A Piece of Advice: Be Accurately Specific

I’m a strong advocate for specificity. (Wow, that word is a mouthful. Spesss-if-issss-ity. Did I even use it correctly? I hope so. Good thing I don’t have a lisp.)

I learned the phrase “be more specific” from years of watching my favorite game show. I mean, you can’t just respond to a clue about British royalty without telling Alex Trebek the king’s name and number, after all. (Do you know how many Georges and Edwards ruled back in the day? Neither do I, but I’ll bet it was a lot.)

alex trebek GIF
Specifics make Alex happy.

Being vague leaves lots of room for misinterpretation. There are times, however, when being too specific can cause problems. (Like, for instance, my predisposition to being too specific with observations. Side effects can include mental anguish and brain implosions.)

This is NOT a hair dryer. This is a BAG. The hair dryer is in the bag, yes, but it’s a BAG. The bag should be labeled “BAG.” Oh, you say I need a vacation? I saw this IN A HOTEL. (Okay, okay…I’ll stop thinking now.)

However, I still believe it’s better to be overly and accurately specific. Never underestimate someone’s ability to misinterpret vague requests.

For example…

Do you like a good BLT? I know I do, but I’m not crazy about mayonnaise. In fact, I’m not crazy about putting much of anything extra on my burgers, sandwiches, or BLTs, and I’m always met with skepticism by the person on the other side of the restaurant window when I request NO mustard or NO ketchup. (I like what I like, so I’ve learned to deal with it.)

space GIF
Looks good, but I’d like mine without mayonnaise.

So, when I tried to order a BLT without mayonnaise once at a fast food restaurant, I expected questions, but I wasn’t really in the mood to deal with them. I was in a hurry, so instead of being accurately specific, I ordered with brevity and simplicity in mind.

I used the word “plain.”

Server: Can I take your order?

Me: Yes, I’d like a plain BLT, please.

Server: One PLAIN BLT? Plain?

Me: Yes, please.

Server: O…kay. That’ll be right out.

Well, they did indeed leave off the mayonnaise…and the L, and the T. It was a good bacon sandwich, although it was…missing a few other key components.

confused laura dern GIF

I learned a little something that day about being accurately specific. The sandwich was okay, but it needed a little TLC…or, more specifically, L and T.

Be more specific.

An Observation: Non-Labor Day

We’ve arrived at the unofficial end of summer. Let us observe a moment of silence.

(Umm…I said a moment. But, okay. Whatever floats your boat.)

Sure, it’ll still be hotter than a flamethrower on the equator until mid-October here in good old Arkansas, but all the carefree summer fun is magically exchanged for hoodies and pumpkin-spice oxygen once Labor Day concludes.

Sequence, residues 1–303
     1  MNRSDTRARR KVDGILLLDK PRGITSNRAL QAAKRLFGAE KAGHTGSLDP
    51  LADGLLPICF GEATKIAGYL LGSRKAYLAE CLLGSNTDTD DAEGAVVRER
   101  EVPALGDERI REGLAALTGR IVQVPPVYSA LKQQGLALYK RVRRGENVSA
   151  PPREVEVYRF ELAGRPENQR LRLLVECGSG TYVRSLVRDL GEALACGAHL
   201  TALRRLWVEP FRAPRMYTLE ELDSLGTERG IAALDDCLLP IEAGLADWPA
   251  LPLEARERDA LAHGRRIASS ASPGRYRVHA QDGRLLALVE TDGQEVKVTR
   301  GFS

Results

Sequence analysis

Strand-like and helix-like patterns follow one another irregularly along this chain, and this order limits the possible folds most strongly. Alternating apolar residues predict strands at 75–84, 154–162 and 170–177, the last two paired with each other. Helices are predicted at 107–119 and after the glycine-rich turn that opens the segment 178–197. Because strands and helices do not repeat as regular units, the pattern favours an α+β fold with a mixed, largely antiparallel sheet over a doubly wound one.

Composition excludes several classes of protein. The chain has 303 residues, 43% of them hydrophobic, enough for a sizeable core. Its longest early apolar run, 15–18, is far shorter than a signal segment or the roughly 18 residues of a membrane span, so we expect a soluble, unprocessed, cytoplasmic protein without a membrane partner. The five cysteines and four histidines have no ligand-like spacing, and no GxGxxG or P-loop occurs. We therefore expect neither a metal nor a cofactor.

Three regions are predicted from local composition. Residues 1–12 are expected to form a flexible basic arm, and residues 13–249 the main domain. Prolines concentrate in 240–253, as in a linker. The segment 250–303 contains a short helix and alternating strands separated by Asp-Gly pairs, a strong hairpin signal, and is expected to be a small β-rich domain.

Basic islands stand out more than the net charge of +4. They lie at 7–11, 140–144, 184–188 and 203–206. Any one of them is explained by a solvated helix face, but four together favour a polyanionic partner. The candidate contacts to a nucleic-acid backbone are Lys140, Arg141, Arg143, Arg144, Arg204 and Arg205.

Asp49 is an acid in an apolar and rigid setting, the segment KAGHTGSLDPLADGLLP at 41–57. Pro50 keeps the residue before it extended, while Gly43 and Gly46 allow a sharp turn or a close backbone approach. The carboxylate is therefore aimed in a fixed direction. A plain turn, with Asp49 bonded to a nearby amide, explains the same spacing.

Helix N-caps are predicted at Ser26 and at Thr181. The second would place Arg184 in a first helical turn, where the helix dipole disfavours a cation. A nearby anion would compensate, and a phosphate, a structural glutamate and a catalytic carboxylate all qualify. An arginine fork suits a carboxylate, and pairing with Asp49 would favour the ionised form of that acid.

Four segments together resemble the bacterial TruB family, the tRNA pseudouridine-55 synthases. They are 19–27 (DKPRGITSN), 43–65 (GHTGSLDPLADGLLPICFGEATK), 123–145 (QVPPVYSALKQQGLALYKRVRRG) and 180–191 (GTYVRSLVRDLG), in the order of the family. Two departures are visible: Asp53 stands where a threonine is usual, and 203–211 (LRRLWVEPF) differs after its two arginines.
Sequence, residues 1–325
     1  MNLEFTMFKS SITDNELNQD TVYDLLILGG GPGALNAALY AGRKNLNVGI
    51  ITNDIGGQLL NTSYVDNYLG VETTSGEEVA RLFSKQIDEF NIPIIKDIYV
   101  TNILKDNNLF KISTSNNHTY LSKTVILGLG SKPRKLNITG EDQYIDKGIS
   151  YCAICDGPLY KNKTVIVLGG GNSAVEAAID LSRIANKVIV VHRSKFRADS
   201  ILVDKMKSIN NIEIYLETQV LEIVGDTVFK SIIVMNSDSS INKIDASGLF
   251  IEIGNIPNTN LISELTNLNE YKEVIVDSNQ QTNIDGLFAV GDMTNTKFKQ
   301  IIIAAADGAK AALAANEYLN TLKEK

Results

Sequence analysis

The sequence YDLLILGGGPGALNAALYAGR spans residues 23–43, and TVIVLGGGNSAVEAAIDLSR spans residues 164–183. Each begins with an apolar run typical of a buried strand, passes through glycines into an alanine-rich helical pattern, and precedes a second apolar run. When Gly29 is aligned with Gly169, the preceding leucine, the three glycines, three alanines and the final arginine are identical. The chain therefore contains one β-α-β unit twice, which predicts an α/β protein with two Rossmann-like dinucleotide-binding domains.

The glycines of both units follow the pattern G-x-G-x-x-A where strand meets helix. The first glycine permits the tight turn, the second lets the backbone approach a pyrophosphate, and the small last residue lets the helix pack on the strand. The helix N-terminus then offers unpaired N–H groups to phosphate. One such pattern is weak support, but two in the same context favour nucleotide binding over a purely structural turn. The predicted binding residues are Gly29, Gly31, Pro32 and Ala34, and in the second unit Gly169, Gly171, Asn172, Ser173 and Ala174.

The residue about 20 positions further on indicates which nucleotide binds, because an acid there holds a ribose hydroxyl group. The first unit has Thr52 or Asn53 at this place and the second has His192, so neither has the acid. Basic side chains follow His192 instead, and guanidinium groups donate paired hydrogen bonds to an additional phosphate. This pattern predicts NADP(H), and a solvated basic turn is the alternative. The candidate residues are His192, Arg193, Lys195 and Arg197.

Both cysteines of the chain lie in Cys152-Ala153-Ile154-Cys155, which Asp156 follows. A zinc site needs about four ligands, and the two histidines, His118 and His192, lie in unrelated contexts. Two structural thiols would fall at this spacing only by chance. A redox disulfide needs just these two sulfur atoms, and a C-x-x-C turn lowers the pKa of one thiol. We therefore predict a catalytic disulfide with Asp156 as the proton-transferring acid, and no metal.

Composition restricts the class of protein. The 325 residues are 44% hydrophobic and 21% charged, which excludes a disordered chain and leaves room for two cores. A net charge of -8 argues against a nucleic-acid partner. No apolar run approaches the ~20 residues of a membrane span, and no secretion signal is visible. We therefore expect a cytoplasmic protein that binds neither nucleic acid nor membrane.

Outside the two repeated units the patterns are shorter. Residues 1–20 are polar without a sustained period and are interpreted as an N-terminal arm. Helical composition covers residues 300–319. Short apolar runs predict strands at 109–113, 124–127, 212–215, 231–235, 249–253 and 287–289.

Labor Day became a federal holiday in 1894. I don’t suppose I know anyone who was around for the first one to interview them for a first-hand perspective, but I’m sure the first one wasn’t like our modern celebration. (And judging by the Labor Day sales offered by most retailers, it doesn’t seem to be universally observed in this here country. But I digress…)

In my family, we used to celebrate the three-day weekend with a trip to the river or by watching television in the air conditioning as a family. When I was in college, a very close relative threw a great Labor Day party he didn’t even know about until he came home to find my brother, myself, and about a dozen of our closest friends enjoying his swimming pool.

I applaud the efforts of those who created a holiday to celebrate the hard working men and women of this country, but I have a problem with it.

More specifically, the wording of it.

As the self-proclaimed Meticulously Observant Observer, I live for details. I feel like calling this holiday “Labor Day” means that one is expected to do just that–labor–on their “holiday.”

Why didn’t they call it “Non-Labor Day” instead?

I understand the intent–honor those who labor–but, let’s say you are the type to take things very literally. You see a day on the calendar marked “Labor Day.” You might think that you have to put in some serious overtime on the first Monday in September. Meanwhile, everyone around you has filled up their cars with camping gear and tells you they’ll “see you Tuesday.” (Maybe you do have to work overtime. I don’t know. I’m not your boss. Again, I digress…)

Oh, well. I’m overthinking things again. It happens.

Have a Happy (Non) Labor Day. And remember…Tuesday is the new Monday this week. Order that extra shot of espresso.

You deserve it.
You deserve it.